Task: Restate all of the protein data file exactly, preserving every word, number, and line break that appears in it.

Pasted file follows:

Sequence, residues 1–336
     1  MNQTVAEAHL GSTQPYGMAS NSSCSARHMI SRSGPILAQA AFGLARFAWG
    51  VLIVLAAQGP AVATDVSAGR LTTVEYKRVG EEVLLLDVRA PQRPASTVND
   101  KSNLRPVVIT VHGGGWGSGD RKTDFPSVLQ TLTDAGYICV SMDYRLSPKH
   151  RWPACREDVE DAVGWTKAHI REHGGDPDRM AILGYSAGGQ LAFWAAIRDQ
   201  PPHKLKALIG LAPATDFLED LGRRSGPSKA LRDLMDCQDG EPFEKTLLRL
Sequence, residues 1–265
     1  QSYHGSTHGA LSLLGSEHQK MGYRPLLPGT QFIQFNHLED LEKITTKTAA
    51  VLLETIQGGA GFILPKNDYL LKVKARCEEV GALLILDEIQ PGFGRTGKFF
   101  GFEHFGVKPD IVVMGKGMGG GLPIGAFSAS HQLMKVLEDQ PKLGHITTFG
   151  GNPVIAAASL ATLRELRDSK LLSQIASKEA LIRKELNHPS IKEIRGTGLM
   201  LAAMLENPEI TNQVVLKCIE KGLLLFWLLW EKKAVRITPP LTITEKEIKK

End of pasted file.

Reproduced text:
Sequence, residues 1–336
     1  MNQTVAEAHL GSTQPYGMAS NSSCSARHMI SRSGPILAQA AFGLARFAWG
    51  VLIVLAAQGP AVATDVSAGR LTTVEYKRVG EEVLLLDVRA PQRPASTVND
   101  KSNLRPVVIT VHGGGWGSGD RKTDFPSVLQ TLTDAGYICV SMDYRLSPKH
   151  RWPACREDVE DAVGWTKAHI REHGGDPDRM AILGYSAGGQ LAFWAAIRDQ
   201  PPHKLKALIG LAPATDFLED LGRRSGPSKA LRDLMDCQDG EPFEKTLLRL
Sequence, residues 1–265
     1  QSYHGSTHGA LSLLGSEHQK MGYRPLLPGT QFIQFNHLED LEKITTKTAA
    51  VLLETIQGGA GFILPKNDYL LKVKARCEEV GALLILDEIQ PGFGRTGKFF
   101  GFEHFGVKPD IVVMGKGMGG GLPIGAFSAS HQLMKVLEDQ PKLGHITTFG
   151  GNPVIAAASL ATLRELRDSK LLSQIASKEA LIRKELNHPS IKEIRGTGLM
   201  LAAMLENPEI TNQVVLKCIE KGLLLFWLLW EKKAVRITPP LTITEKEIKK